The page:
As the sheath 68 passes over the filter 10, the primary struts 12 and then the secondary struts 30 engage the edge of the sheath 68 and are caused to pivot or undergo bend deflection at the hub 11 toward the longitudinal axis of the filter. The pivoting toward the longitudinal axis causes the ends of the struts 12 and 30 to be retracted from the vessel wall. In this way, only surface lesions 74 and small point lesions 76 on the vessel wall are created in the removal procedure. As shown, the surface lesions 74 are created by the ends of the secondary struts 30 and the small point legions 76 are created by the anchoring hooks 26 of the primary struts 12. However, it is to be noted that any other suitable procedure may be implemented to remove the filter from the patient.
The primary and secondary struts can be formed from any suitable material that will result in a self-opening or self-expanding filter, such as shape memory alloys. Shape memory alloys have the desirable property of becoming rigid, that is, returning to a remembered state, when heated above a transition temperature. A shape memory alloy suitable for the present invention is Ni—Ti available under the more commonly known name Nitinol. When this material is heated above the transition temperature, the material undergoes a phase transformation from martensite to austenic, such that material returns to its remembered state. The transition temperature is dependent on the relative proportions of the alloying elements Ni and Ti and the optional inclusion of alloying additives.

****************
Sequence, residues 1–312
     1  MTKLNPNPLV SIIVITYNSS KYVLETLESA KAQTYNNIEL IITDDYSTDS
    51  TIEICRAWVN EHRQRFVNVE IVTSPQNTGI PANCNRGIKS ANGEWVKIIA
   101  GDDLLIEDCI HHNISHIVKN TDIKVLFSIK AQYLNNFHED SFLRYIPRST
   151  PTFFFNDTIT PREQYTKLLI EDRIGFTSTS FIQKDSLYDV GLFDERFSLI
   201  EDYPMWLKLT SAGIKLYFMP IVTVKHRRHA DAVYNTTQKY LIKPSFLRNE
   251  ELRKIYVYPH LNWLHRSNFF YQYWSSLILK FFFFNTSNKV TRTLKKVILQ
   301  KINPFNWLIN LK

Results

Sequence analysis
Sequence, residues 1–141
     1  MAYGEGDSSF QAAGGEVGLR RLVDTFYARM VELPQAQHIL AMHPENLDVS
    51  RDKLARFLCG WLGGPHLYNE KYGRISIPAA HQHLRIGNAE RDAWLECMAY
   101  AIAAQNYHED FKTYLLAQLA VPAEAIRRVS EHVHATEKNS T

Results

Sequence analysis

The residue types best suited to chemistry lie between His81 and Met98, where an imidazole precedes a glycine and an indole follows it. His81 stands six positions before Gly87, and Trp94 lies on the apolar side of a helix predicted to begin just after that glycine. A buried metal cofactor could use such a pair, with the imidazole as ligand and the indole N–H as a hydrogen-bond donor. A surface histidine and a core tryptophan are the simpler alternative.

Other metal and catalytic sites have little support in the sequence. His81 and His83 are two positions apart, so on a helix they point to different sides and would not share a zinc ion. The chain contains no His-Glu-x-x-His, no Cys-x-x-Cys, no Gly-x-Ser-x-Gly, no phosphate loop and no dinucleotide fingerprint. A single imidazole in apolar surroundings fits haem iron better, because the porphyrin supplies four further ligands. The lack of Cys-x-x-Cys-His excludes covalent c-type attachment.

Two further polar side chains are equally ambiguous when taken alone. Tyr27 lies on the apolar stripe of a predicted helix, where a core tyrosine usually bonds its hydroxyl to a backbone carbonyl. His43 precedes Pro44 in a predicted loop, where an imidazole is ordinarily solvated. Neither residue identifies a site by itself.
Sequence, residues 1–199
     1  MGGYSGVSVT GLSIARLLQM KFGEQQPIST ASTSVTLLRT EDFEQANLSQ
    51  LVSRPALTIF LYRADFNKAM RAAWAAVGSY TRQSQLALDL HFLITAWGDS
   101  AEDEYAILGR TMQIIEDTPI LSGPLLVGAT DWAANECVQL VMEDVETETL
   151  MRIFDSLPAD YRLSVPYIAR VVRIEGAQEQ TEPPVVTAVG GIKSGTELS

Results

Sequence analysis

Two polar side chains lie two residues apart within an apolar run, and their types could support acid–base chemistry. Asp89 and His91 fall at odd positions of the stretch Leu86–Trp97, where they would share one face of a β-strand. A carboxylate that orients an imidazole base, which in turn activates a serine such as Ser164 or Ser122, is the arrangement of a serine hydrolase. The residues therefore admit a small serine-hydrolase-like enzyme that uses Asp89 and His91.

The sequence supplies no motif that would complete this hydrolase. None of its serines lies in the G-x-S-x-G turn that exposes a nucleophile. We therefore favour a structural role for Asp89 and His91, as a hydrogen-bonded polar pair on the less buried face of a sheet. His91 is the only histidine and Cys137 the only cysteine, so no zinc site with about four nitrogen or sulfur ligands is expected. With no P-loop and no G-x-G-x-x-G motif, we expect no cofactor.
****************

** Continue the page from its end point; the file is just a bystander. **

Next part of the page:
In other embodiments, both the primary struts and the secondary struts are made from Nitinol with a transition temperature that is slightly below normal body temperature of humans, which is about 98.6° F. Thus, when the filter is deployed in the vena cave and exposed to normal body temperature, the alloy of the struts will transform to austenite, that is, the remembered state, which for the present invention is an expanded configuration when the filter is deployed in the blood vessel. To remove the filter, the filter is cooled to transform the material to martensite which is more ductile than austenite, making the struts more malleable. As such, the filter can be more easily collapsed and pulled into the sheath for removal.
In certain embodiments, both the primary struts and the secondary struts are made from Nitinol with a transition temperature that is above normal body temperature of humans, which is about 98.6° F. Thus, when the filter is deployed in the vena cave and exposed to normal body temperature, the struts are in the martensitic state so that the struts are sufficiently ductile to bend or form into a desired shape, which for the present invention is an expanded configuration. To remove the filter, the filter is heated to transform the alloy to austenite so that the filter becomes rigid and returns to a remembered state, which for the filter is a collapsed configuration.
Although the embodiments of this device have been disclosed as being constructed from wire having a round cross section, it could also be cut from a tube of suitable material by laser cutting, electrical discharge machining or any other suitable process.
In another embodiment shown in FIGS. 10 and 11, a filter 420 includes four primary struts 438 and eight secondary struts 440 that extend from a hub 442. Each primary strut 438 terminates in an anchoring hook 452 with a barb 454. The primary struts 438 have sufficient spring strength such that when the filter is deployed in a vena cava 436, the anchoring hooks 452, in particular, the barbs 444, anchor into the vessel wall of the vena cava 436 to prevent the filter 420 from migrating from the delivery location. The pressure of the blood flow on the filter 420 contributes in maintaining the barbs 454 anchored in the inner lining of the vena cava 436.